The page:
Music Hall Monster: The Insatiable Mr Fred Barnes

Christopher Green
Wilton's Music Hall
Wilton's Music Hall

Christopher Green as The Insatiable Mr Fred Barnes

It appears that Christopher Green has taken all the elements of a one-man bio-cabaret, put them in a box, shaken the bejeezers out of them and then tipped them out onto the stage.

It could be a catastrophic mess but in Olivier Award-winning Green’s talented hands it has the thoughtfulness and craftsmanship of a Jackson Pollock drip painting.

Music Hall Monster: The Insatiable Mr Fred Barnes is as challenging as it is entertaining. Rather like Mr Barnes himself, who for two decades enjoyed wealth, stardom and annoying the establishment, being branded a "menace to His Majesty's fighting forces" because of his appetite for bedding servicemen.

The same proclivity got him barred from attending the Royal Tournament, a ban which he flouted repeatedly.

At the highpoint of his success, over the 1920s, Barnes spent extravagantly on clothes, his extreme accessory a marmoset monkey which would adorn his shoulder. By the mid 1930s, he was an alcoholic, singing for drinks in Southend pubs, a small chicken on his shoulder.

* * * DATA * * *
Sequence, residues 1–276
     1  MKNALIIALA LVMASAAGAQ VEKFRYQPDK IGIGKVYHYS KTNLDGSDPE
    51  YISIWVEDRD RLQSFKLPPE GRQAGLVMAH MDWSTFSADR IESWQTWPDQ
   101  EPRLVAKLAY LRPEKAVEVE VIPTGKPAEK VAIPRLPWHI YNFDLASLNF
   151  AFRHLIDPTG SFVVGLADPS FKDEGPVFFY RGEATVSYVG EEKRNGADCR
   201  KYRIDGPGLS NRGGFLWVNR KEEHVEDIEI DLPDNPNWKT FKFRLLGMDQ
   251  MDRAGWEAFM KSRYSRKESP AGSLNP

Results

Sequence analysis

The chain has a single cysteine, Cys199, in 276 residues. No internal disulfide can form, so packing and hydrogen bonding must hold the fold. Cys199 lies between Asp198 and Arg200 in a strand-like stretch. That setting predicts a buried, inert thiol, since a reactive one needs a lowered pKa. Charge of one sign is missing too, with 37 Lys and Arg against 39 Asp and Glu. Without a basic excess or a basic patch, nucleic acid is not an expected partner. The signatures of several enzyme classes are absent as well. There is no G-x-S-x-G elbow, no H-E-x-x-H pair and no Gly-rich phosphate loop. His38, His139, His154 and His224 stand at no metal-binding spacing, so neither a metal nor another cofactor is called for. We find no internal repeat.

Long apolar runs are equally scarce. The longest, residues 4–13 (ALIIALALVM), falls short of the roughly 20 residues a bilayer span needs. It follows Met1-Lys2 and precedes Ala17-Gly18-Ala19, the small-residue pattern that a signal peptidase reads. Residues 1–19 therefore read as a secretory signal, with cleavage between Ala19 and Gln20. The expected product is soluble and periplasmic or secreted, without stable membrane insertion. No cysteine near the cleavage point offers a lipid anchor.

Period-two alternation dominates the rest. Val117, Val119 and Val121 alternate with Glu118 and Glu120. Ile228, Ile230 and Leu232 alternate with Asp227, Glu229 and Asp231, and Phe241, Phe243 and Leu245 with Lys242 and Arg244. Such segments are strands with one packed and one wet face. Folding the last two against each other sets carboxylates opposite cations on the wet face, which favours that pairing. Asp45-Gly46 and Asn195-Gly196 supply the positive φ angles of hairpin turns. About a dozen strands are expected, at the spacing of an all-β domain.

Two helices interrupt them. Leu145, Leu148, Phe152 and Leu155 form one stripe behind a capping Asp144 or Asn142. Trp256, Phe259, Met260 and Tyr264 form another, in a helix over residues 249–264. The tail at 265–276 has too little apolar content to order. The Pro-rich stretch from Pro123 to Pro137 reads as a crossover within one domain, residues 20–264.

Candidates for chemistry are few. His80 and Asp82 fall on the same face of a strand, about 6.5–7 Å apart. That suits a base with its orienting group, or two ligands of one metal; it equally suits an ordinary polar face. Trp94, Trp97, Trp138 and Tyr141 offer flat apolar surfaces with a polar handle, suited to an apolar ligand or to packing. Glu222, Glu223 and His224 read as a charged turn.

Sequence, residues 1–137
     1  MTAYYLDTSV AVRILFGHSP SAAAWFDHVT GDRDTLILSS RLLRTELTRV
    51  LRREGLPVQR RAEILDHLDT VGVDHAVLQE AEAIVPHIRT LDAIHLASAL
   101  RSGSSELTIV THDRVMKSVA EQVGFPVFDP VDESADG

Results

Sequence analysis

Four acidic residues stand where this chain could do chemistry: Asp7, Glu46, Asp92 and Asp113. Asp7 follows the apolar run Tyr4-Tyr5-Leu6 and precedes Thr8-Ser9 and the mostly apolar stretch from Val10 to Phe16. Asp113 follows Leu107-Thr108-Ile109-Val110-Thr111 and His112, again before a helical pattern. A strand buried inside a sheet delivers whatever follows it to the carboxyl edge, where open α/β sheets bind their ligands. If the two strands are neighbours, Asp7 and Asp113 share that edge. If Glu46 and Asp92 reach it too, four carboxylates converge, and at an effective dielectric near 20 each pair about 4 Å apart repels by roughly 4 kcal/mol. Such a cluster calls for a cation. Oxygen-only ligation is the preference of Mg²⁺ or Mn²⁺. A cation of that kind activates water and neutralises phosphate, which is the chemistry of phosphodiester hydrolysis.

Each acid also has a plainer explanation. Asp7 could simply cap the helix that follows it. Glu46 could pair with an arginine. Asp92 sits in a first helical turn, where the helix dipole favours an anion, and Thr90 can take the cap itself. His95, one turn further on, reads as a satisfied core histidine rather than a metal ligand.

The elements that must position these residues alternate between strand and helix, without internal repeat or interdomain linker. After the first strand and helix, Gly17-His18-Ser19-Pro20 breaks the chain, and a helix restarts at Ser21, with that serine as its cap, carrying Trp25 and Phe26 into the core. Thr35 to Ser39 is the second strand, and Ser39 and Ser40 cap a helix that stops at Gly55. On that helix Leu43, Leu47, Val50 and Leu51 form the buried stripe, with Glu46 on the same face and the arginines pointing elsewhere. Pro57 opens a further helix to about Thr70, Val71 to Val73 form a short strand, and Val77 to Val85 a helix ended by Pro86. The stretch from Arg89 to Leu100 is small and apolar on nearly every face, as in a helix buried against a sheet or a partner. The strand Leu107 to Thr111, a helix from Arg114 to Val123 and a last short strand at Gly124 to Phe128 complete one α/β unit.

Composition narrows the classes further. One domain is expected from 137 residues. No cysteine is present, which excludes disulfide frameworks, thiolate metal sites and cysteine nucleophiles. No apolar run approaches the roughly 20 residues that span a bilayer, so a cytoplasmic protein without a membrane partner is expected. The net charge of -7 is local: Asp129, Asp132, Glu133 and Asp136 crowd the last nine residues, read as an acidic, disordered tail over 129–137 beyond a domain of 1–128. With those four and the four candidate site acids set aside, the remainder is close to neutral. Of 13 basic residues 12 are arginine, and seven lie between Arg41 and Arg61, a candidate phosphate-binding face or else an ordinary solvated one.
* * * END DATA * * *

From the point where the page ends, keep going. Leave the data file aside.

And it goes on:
The emotional journey from monkey to chicken—Green’s words not mine—is non-linear, often uncomfortable and very contemporary.

This is no tribute act. Like a Rubik's Cube, Green turns Barnes over and over to look at him from all angles in an attempt to get to the core of the man, in the process revealing something of himself and the emotional investment in being an artist.

A variety of devices—impersonation, facts, role play, psychoanalysis, Q&A—allow the creative Green, with his signature audience involvement, to get in a lot of information about Barnes and how we might look at him today.

Green’s approach to Barnes is a sympathetic one revealing the broken human being that lay beneath the diversion flamboyance. The life that he distils at one point into “sex, death and death” is not pathetic so much as tragic.

Green’s deconstructed depiction of this man born before his time is insightful, provoking and teasing. The Insatiable Mr Fred Barnes isn’t always an easy watch but, like the Pollock, it rewards perseverance exponentially.

Reviewer: Sandra Giorgetti

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